After holding talks with the NSC, operators currently evacuating cargoes from the ports via barges and truckers agreed to reduce their charges by 30%. Similarly, the council has directed shipping companies to suspend the collection of demurrage charges, and to refund charges collected from March 30, 2020, when the lockdown in Lagos State began. This, NSC said, is to ameliorate the fiscal burden on port users. It was an incentive for owners of cargo to accelerate the process of taking delivery of their cargo. Erring shippers – those who abandon cargo at the ports — may be sanctioned.

It is satisfying to know that the NSC set up a “Maritime Task Team on COVID-19” composed of not just its own officers but also those of sister agencies NIMASA, NPA, Nigerian Ports Consultative Council, Nigerian Navy, NCS, Maritime Workers Union of Nigeria, among others, to handle the day-to-day challenges at the ports.

The Shippers’ Council is currently leveraging ICT to set up an online community so that certain port users can work from home. It is adopting a multi-modal evacuation of cargo by road, rail and inland waterways. It envisages that, soon, port workers will be working round the clock. Even during this year’s Easter holiday, the Council together with the customs and other stakeholders provided full service, to the delight of terminal operators and freight forwarders.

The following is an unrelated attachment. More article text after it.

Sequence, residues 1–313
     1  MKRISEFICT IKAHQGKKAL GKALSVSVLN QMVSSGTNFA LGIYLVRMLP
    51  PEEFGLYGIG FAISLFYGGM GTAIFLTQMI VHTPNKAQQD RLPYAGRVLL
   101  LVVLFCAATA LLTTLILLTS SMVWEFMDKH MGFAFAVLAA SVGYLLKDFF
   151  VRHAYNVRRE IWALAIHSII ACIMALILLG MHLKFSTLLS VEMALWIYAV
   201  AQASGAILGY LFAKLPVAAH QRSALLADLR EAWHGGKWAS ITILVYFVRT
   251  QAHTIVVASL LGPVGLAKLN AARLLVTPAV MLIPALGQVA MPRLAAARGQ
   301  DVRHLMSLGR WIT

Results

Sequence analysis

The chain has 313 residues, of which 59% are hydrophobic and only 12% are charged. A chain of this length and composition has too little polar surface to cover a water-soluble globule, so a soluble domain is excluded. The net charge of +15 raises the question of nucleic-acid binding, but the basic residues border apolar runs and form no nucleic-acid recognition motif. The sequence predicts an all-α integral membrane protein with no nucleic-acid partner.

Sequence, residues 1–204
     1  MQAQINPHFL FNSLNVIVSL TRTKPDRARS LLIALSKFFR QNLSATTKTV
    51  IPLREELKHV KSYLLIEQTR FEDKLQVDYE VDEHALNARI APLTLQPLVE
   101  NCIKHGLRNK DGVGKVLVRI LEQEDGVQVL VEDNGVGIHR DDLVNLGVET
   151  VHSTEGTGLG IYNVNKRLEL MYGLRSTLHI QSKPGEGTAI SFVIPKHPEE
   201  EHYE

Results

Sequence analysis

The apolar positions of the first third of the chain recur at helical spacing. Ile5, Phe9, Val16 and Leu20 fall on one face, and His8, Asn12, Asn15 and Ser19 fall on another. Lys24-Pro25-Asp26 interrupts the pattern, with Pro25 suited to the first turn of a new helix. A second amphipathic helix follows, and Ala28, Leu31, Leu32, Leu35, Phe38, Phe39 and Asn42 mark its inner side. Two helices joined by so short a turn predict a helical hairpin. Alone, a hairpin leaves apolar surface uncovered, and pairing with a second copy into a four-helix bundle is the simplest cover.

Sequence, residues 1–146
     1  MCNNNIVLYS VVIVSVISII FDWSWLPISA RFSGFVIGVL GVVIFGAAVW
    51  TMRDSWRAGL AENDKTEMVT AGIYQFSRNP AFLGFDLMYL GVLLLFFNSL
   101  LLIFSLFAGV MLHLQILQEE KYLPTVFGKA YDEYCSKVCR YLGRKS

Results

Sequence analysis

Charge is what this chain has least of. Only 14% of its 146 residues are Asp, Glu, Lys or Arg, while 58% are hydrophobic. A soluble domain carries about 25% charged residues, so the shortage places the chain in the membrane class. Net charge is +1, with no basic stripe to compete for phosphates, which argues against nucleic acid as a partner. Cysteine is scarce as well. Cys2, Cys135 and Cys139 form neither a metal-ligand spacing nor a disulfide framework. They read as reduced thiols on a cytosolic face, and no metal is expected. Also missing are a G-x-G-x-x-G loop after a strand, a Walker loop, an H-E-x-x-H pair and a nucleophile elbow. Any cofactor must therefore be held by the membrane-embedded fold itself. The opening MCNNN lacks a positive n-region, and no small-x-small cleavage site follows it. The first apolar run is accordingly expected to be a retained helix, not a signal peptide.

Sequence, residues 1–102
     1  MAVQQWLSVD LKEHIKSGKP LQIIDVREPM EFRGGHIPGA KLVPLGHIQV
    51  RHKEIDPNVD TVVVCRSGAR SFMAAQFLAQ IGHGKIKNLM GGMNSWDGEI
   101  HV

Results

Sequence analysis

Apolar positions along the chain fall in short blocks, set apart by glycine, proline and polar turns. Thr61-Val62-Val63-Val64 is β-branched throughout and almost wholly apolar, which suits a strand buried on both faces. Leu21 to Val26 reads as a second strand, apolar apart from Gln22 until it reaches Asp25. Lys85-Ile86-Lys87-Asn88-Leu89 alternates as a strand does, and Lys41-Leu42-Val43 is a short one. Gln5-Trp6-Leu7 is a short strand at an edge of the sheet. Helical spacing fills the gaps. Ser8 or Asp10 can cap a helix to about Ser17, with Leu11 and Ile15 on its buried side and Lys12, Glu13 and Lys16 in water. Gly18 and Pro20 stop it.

Now that the federal government is on the verge of restructuring its public service by digging up and reviewing the Oronsaye Report, we hope the National Transport Commission will finally become reality. A bill to that effect has already been passed by the legislature and has been waiting for the president’s assent. The framers of the bill sought the conversion of the NSC to the National Transport Commission to drive the process of providing an economic regulatory framework for the transport sector – it would be a mechanism for monitoring compliance of government agencies and transport operators, and protecting the rights and interests of service operators and users of the transport sector in the country.

Also, the “National Single Window” project approved by the federal government since 2016 has yet to take off. The project aims to collapse the operations of all government agencies at the ports into a one-stop shop for efficient and seamless port operations. A regulator would, of course, mean the existence of a single window for payment of port and other charges, and then elimination of arbitrary charges and unnecessary bureaucracy, which would certainly encourage the ease of doing business. Meanwhile, Nigeria is now the only country in the West African region without a “Single Window” project; other countries have since commenced theirs.

We believe the nation will reap many benefits when all activities at the seas, on land and in the air are placed under the care of just one body like the NTC. The current NSC, as midwife of the soon-to-be NTC, has demonstrated strong leadership qualities and therefore could be entrusted with higher responsibilities.